Have you been following the big oil spill in the Gulf of Mexico? Or as we call it now, the Dead Sea.

From time to time there are going to be things that occur that are acts of God that cannot be prevented.

There will never be color blindness in a culture of fear.

Obviously, the answer to oil spills is to paper-train the tankers.

Places change over time with or without oil spills, but humans are responsible for the Deepwater Horizon gusher - and humans, as well as the corals, fish and other creatures, are suffering the consequences.

I believe we will see a biofuels resurgence.

While gas prices skyrocket and we continue to wage wars for oil, while spills, fracking, tar sands and the oil madness of our empire continue, people are waking up and realizing that you can't be against petroleum and against fuels that come from nature.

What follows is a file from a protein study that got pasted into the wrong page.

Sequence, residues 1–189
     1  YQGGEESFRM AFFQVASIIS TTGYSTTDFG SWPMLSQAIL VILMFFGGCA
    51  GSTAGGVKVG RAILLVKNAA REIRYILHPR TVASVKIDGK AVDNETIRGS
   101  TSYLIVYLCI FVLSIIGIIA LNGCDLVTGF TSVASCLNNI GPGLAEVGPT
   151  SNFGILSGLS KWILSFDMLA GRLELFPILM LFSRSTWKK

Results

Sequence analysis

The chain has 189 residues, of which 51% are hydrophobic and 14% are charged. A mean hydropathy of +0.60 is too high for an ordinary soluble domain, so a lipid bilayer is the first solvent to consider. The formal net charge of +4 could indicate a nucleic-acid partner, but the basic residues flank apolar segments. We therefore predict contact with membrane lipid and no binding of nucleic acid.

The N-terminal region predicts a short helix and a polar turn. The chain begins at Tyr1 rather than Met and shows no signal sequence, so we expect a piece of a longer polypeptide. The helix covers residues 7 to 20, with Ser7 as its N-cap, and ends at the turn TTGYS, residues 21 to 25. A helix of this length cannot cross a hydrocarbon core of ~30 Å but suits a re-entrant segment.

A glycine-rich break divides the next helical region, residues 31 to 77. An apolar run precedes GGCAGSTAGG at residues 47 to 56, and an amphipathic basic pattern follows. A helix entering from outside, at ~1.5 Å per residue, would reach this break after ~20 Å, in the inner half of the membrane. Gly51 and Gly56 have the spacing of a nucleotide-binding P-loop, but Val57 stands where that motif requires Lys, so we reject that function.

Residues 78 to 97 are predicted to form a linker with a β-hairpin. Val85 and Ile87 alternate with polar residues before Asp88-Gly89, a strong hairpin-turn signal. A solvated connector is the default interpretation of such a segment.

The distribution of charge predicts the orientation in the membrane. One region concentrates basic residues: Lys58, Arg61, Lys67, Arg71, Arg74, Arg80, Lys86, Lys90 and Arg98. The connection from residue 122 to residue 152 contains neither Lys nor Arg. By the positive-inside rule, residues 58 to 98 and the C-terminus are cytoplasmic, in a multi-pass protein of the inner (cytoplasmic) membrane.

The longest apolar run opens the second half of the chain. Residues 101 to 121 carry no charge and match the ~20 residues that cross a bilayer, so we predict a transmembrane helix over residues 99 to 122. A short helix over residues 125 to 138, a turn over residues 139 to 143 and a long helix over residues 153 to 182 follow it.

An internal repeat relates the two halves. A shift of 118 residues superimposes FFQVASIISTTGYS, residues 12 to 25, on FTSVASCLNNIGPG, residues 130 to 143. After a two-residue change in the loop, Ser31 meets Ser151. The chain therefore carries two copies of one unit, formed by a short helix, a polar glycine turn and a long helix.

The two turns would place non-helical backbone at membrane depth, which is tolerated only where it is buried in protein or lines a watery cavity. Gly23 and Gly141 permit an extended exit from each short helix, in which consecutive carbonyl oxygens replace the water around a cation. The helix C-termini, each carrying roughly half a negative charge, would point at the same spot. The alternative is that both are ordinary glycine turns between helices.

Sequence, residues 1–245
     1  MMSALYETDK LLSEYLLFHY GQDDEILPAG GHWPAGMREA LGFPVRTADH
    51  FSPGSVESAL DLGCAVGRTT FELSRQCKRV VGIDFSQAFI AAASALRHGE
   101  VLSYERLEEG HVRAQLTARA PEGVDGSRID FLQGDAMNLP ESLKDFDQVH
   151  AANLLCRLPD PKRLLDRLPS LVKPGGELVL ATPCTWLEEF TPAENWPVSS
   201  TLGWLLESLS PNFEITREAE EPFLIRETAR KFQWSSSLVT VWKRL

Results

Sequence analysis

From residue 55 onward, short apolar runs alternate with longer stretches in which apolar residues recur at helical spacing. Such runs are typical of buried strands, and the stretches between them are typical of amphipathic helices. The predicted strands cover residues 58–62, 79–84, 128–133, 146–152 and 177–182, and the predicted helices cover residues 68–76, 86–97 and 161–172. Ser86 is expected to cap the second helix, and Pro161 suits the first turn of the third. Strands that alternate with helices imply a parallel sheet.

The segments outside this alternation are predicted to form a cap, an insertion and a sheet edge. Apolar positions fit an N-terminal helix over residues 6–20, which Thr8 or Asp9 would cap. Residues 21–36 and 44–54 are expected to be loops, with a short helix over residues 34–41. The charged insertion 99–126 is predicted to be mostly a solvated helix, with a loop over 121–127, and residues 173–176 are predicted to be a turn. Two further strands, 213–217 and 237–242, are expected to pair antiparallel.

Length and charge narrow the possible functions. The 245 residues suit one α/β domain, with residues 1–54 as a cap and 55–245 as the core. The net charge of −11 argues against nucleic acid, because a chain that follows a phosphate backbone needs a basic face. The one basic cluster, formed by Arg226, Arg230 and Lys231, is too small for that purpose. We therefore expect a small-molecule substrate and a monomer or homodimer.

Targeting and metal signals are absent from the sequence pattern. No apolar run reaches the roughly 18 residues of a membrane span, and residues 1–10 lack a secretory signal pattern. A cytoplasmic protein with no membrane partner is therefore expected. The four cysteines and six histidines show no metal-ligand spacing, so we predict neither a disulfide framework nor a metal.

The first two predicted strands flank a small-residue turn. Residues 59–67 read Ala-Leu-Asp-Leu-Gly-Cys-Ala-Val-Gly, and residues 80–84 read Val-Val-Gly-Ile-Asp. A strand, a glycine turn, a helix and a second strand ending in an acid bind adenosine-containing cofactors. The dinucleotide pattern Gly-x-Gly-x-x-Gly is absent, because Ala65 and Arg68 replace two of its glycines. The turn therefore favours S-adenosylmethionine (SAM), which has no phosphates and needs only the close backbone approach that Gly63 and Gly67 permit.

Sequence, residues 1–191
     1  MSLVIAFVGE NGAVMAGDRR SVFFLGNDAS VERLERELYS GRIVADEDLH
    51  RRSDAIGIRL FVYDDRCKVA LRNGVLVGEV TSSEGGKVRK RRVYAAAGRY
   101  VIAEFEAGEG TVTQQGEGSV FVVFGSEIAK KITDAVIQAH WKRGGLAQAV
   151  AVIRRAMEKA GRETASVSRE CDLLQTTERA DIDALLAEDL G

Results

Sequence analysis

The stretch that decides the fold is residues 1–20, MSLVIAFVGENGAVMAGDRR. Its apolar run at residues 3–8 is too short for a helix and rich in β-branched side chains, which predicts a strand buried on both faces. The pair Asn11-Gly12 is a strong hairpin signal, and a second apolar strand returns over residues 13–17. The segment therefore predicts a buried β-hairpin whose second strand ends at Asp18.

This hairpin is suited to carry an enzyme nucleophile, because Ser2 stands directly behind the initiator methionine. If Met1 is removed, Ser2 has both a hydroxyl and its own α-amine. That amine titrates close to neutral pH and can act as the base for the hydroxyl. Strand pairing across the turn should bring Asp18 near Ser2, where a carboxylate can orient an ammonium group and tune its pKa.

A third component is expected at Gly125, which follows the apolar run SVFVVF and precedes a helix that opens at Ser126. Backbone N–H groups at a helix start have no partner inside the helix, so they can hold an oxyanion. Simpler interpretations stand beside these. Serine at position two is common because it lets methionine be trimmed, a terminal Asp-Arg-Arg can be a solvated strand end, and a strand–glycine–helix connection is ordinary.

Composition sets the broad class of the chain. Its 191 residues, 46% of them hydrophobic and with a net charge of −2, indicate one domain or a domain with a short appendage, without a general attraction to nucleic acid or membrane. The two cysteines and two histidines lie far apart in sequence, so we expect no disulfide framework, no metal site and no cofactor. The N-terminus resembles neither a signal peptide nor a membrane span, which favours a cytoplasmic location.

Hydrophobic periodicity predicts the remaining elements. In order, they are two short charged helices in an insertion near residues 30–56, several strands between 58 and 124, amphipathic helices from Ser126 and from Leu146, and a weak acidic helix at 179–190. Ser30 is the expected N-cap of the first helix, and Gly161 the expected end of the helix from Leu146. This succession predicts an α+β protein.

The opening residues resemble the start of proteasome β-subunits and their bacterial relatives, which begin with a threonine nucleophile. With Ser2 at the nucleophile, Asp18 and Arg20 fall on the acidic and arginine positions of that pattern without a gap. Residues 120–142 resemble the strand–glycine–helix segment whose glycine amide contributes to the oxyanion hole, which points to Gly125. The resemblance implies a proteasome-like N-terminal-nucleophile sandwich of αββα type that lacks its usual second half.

Very little makes me feel vulnerable these days.

I hit my absolute apex of vulnerability when I returned to my home state of Louisiana, during the Gulf oil spill disaster, and witnessed mass devastation to every demonstration of life surrounding me - from grass, trees, bayous, insects, to animals and people - we all felt demolished.

Bad news, it's going to be a huge environmental disaster, the oil rig down there in the Gulf of Mexico. The good news is they think now that the oil spill will be diluted by the melting ice caps.

After the oil spill, I had this strong feeling that if I ever were to be blessed in having children, I never wanted my kids to see me pumping gas at a gas station. I think it's our responsibility to make the changes that we need to take regardless of convenience.